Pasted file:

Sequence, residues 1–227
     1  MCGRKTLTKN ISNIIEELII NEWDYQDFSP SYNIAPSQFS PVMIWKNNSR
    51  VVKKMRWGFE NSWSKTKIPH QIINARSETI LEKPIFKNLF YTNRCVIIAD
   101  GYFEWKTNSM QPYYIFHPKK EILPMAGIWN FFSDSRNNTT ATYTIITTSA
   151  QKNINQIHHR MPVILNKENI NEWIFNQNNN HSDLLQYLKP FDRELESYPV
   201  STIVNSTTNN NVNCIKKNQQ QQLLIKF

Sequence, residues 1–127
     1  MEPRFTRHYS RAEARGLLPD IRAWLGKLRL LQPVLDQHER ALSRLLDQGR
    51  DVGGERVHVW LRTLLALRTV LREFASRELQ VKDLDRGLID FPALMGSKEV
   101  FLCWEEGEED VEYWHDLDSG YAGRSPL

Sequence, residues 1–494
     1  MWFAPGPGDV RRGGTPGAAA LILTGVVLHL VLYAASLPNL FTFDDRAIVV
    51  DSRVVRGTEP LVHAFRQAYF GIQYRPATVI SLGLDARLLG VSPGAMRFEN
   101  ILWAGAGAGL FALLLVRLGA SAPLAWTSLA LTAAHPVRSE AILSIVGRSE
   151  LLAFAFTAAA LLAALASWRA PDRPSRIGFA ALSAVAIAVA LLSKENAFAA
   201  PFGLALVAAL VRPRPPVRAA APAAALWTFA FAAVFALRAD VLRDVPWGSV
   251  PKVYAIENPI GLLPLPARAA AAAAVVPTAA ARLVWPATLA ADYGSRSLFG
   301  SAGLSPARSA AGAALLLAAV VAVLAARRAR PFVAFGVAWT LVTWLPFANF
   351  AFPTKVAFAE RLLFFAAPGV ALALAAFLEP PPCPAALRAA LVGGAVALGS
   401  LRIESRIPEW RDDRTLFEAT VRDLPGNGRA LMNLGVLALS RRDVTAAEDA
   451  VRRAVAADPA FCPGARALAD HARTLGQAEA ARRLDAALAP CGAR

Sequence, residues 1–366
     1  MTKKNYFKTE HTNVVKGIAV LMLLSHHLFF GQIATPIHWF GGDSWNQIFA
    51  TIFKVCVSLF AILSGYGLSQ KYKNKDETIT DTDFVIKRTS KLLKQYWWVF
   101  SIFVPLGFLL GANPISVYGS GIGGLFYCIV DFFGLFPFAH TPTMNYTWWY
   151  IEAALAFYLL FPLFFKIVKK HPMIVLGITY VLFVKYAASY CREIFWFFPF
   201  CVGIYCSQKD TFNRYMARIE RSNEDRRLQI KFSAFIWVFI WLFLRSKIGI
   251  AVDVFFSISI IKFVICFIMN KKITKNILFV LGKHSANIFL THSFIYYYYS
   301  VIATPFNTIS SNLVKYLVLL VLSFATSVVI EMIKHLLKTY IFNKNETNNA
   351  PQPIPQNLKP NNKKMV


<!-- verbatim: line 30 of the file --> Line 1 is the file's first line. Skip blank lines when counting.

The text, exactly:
   351  PQPIPQNLKP NNKKMV